An aging and much loved northern white rhino died on Sunday at the San Diego Zoo Safari Park in California. Nola was the last of the sub-species left in captivity and her death, at the age of 41, leaves just three of the critically endangered animals alive anywhere in the world. She had lived at the park since 1989 and had been a big hit with visitors.
However, she had become increasingly ill during the past week and was receiving treatment for a bacterial infection, according to a statement on the zoo's website. She was placed under constant veterinary care as her appetite and activity levels declined.
With her condition deteriorating significantly, vets had to take the agonising decision to put her to sleep. "Nola was an iconic animal, not only at the San Diego Zoo Safari Park, but worldwide," the zoo said. "Through the years, millions of people learned about Nola and the plight of rhinos in the wild through visits to the Safari Park, numerous media stories and social media posts."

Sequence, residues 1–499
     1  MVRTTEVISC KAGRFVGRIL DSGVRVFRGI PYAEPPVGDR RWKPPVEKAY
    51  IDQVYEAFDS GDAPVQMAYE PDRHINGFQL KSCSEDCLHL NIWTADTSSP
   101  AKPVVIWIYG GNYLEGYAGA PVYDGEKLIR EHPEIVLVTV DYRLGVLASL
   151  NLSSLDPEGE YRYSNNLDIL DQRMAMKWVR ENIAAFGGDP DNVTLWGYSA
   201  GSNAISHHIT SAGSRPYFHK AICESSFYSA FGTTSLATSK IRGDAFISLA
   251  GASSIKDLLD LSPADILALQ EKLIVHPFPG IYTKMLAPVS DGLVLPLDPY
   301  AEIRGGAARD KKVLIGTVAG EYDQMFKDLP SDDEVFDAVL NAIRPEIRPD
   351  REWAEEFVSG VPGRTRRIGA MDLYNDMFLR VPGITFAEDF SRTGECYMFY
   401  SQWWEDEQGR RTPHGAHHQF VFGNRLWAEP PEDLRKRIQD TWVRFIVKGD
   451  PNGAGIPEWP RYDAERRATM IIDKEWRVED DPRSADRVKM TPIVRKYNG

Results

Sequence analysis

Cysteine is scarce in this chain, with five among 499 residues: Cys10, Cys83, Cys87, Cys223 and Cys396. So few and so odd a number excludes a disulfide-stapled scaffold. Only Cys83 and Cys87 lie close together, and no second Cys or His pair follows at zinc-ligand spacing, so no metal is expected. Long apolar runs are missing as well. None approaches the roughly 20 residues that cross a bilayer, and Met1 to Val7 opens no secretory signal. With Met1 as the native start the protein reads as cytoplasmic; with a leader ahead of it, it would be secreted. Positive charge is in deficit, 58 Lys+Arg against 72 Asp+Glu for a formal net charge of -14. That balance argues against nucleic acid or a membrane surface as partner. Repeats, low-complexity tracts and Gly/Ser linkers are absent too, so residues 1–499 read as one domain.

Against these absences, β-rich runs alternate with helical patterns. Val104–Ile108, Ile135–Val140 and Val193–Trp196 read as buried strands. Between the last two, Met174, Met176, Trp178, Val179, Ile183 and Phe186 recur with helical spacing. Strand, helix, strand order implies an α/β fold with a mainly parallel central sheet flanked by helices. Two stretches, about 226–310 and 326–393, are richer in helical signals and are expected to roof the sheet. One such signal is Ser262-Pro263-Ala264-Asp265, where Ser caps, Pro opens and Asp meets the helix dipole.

Thousands of people posted messages of condolence on social media sites. The three remaining northern white rhinos live at the Ol Pejeta Conservancy in Kenya. Their numbers have dropped one by one in recent years, and the last remaining male is under 24-hour armed guard.
One of two sub-species of white rhinocerous (so called because of their "wide" mouths), they once ranged through the Democratic Republic of Congo, southern Sudan and Uganda but their numbers were drastically reduced by poaching in the 1970s and 1980s. San Diego zoo is working on a programme to use six southern white rhinos - recently arrived from South Africa - as surrogate mothers for northern embryos, a project scientists say may take 15 years.